I had the lucky opportunity to assemble an office chair last night. It came with many screws of different shapes and types, and they included extras as well. The instructions were clear and concise. So how in Sam Hell am I supposed to get a piece out of this?

Hold on - I just realized I can. So hold that thought and wait a week. The column I have to do now is localish, though - at least it pretends to be, although it’s the usual conversation with the voices in my head. Noting much to report, as I did not go downtown to the office as usual on a Monday. Felt odd. In fact I could see not going down on Tuesday, too.

That’s how it starts.

Wife went to the office for the first time in a couple of months, and as usual when you’re gone that long you brush aside vines and cobwebs, wondering if poisoned darts are going to shoot from the walls with a pnuematic hiss.

The chair is for Daughter’s room, as well as a new desk, since the room is being repurposed as an office.

That’s how it starts. Or rather maybe that’s how it ends. There are four phases of a kid’s room: nursery, the big joyful melange of stuff from late toddlerhood to the onset of tweenhood, then the teen years, then the repurposing. It’s that second phase that probably sees the most change, and it’s when you’re the most amused by it all, and the child is mostly likely to explain why the ponies are all hanging from a metal bar by the magnet in their hoof. When teen hood comes the room because something of a principality tucked inside another nation, although Daughter was not too much like that.

I had to collect some books from a shelf that goes with the desk, and found a book of Soviet architecture. It was surprising. I had no idea she had this book or was interested in this, and we tend to talk about all manner of things like this. It felt like a missed opportunity, somehow. And I haven’t felt as if there are many of those.

Well, tomorrow I put the new desk together, and we put the old desk for giveaway on Nextdoor.

Hah: update. I texted her about the book and she sent back a msg that started bwhahahaha. She got the book as a gift in a Secret Santa exchange a while ago. I said whew; didn't want to think it was a missed opportunity to seize on an interest of hers and redefine it by expounding my know-how and making it all about my robust and well-rounded know-how! Whew!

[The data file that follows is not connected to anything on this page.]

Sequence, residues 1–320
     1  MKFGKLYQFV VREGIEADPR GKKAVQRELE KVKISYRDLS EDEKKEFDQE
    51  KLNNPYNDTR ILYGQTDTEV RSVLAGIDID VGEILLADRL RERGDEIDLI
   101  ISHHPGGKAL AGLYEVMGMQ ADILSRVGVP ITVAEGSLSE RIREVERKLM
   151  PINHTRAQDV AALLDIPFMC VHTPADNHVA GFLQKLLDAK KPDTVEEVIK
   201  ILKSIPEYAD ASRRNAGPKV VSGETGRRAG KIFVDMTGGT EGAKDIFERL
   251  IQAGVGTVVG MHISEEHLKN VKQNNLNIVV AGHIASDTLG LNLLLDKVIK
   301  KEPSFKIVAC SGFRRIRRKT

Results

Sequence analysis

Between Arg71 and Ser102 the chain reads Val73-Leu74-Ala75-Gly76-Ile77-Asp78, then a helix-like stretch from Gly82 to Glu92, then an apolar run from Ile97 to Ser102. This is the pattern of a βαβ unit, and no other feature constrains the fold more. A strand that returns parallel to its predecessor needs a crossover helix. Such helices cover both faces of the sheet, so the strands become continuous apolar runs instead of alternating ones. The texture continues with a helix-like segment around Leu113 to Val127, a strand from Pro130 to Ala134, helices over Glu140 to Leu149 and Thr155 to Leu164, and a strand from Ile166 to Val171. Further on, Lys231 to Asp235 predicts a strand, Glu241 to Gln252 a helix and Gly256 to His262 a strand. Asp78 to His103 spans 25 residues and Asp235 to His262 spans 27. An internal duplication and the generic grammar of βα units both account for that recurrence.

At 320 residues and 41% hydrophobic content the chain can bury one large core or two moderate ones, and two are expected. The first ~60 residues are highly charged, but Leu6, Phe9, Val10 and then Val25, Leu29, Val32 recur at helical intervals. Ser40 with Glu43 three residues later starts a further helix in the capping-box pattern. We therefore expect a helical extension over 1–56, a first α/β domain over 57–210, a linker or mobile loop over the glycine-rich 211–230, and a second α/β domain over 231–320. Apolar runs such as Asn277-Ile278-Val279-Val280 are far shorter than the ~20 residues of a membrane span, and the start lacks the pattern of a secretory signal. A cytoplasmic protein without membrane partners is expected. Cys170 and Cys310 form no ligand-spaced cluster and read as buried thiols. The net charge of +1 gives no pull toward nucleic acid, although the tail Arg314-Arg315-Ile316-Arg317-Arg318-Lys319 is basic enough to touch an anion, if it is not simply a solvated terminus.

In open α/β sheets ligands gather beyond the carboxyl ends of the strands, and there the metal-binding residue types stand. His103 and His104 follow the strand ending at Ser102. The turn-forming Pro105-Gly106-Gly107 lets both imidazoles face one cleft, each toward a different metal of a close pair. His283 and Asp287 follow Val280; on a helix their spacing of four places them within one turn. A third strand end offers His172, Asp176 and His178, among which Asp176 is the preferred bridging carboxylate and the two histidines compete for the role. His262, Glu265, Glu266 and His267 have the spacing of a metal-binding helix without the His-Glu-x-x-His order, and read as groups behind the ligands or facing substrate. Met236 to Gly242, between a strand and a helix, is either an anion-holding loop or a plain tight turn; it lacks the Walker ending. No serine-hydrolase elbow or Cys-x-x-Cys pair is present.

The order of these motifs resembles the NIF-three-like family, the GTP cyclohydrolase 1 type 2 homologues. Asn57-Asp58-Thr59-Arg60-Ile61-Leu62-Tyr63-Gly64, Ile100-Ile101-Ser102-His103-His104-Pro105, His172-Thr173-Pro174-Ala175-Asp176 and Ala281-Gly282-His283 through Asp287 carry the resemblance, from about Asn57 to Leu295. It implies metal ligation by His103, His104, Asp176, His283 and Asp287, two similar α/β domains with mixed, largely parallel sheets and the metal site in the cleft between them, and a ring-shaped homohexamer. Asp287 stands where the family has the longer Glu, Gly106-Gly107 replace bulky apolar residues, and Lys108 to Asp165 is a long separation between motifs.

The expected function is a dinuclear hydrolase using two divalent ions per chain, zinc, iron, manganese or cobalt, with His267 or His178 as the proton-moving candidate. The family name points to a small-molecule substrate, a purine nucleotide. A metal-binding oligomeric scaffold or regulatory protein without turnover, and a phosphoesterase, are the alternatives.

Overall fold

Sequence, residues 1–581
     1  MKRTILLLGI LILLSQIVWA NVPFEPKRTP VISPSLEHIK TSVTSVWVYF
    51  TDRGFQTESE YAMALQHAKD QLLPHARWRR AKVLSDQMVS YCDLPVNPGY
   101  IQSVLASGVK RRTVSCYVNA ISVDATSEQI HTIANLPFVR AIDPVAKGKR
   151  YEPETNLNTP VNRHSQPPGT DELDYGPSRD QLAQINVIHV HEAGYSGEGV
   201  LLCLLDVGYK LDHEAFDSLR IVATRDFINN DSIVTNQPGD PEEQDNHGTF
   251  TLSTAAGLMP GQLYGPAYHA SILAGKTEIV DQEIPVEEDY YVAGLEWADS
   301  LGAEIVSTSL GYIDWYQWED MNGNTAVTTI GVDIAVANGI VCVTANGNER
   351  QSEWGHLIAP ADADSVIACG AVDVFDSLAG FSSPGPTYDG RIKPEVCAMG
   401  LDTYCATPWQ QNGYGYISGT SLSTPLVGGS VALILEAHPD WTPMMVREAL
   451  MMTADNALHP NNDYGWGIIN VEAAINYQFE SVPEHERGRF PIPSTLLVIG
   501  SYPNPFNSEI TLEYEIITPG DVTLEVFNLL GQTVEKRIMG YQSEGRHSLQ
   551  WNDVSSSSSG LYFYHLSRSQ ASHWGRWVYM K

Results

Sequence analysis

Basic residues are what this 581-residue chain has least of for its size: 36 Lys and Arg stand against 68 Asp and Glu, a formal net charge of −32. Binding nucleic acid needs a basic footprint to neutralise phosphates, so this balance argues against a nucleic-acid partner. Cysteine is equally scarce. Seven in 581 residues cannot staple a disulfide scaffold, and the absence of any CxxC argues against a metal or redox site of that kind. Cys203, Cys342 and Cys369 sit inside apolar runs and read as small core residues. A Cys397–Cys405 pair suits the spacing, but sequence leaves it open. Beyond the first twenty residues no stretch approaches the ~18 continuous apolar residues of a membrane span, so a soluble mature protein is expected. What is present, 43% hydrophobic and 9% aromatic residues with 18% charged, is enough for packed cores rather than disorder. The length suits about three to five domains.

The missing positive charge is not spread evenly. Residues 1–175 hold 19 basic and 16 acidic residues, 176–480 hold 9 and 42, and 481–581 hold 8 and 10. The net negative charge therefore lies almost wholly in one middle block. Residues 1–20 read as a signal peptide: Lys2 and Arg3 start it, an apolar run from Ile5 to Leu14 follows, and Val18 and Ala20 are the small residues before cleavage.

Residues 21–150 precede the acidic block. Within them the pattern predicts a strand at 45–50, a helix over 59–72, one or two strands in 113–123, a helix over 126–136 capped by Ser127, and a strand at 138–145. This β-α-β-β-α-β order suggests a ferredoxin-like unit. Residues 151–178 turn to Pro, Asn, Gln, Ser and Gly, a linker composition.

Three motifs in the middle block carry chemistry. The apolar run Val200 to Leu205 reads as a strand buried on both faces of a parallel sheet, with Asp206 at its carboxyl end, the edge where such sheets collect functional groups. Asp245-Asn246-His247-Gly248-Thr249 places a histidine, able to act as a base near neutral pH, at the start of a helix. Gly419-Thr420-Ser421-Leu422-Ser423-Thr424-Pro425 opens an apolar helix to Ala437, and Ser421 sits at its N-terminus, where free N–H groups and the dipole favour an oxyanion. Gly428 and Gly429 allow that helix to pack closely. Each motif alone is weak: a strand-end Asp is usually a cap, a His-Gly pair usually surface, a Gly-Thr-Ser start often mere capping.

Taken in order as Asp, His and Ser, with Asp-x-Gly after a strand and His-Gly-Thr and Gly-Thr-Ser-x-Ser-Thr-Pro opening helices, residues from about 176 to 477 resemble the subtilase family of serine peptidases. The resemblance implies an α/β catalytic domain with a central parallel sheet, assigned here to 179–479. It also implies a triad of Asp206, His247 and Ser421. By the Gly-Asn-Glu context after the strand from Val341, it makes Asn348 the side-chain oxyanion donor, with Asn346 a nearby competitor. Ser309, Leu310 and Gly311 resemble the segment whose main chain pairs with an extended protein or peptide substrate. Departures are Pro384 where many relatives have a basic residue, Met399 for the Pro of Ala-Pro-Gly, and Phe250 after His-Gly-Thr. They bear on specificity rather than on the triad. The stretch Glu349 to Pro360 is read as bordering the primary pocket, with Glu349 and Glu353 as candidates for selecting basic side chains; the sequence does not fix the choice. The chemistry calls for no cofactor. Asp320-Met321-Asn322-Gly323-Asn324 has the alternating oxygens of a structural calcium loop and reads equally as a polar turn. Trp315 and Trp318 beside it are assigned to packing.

I was listening to a Jack Webb radio show while walking the dog. No, not that one. No, not that one. The one where he played the tough guy who solved crimes but was not a musician. That’s right! Mike Regan, Private Investigator. He did a dozen or so eps before leaving for something else. His early characters were rather touchy, prone to barking out an insult or demand at the slightest provocation, and makes you realize how he dialed it down for Dragnet.

Wait a minute, this is TV Tuesday? Yes. Stay with me.

   

So Regan is trying to get a phone number of a dizzy dame at the DMV, and I hear the following dialogue.

   

 

   

What came to mind? This dialogue from “Barton Fink.”

   

It’s the name the cops or the press gave to the Crazed Killer. My brain picked that out of the files as soon as I heard the DMV girl says something that sounded like it. I was confused. And then it tumbled together. Shows what I know, not being 75 and not having grown up in California and not being knowledgeable about early car sound system. I'd no doubt heard the name, but forgotten about Madman Muntz.

The Coens lifted the sobriquet from a real guy, the originator of the “My prices are so low I must be insane” schtick later popularized by Crazy Eddie. Muntz was a used car dealer - hence the reference in the Regan script - but also a car maker, as well as a promotor of a car sound system that would later turn into 8-Track.

Oh, and he sold TVs.

Enjoy.

The Abstractions!

A touch of class:

You'll be humming that all day, won't you?

 

 

It’s 1942.

The lodge! The era of the Lodge, complete with ritual headgear and costume! We are the lesser for the passing of that era.

You don’t know what’s in it! You don’t know what the name means! You have no idea what animals were sundered, turned into meat slurry, and formed up to make a can! But mm-mmm!

Mmmm mmm!

 

A finger down the throat?

No, Pepto-Bismol, the collywobbles-banisher.

Can one have a single collywobble?

This piece gives a possible origin, and in passing imparts some info of which I was utterly unaware:

The origin isn't known for certain.

Colly is an English dialect word meaning coal dust. Blackbirds were hence known as colly birds. The song Twelve days of Christmas is usually sung as 'my true love sent to me, four calling birds'... but the actual line is 'four colly birds'. Colly-wobbles could have derived from indisposition caused by breathing coal dust.

It is more likely that this is a nonsense word formed from colic and wobble. The earliest citation of it is from Pierce Egan's edition of Grose's Dictionary of the Vulgar Tongue, 1823:"Collywobbles, the gripes.”

 

How? By not enjoying your meal:

There’s nothing in the bag. He knows the drill. One day someone will ask for the money and he will show that there is nothing in the bag, never was. There will be hard words and blows exchanged.

Frying chickens: “an out-of-season treat.”

I had no idea it was seasonal.

I wonder when Frosted when from “Frozen” to “covered in sugar.”

How could they come out ahead on this deal?

Mineralite. What are bowling balls made of, anyway? I don’t even know where to begin excerpting this article. I had no idea!

The things I learn here!

Now I want to write a children’s adventure novel about Rex Ristlite:

It’s a great idea, and you wonder why they make any other kind of flashlight.

We’ve liquified a starlet and infused the dentifrice with her blood and plasma:

The old stuff must have had a lot of sand in it.

That will do today, I hope.

 

 

 

 
blog comments powered by Disqus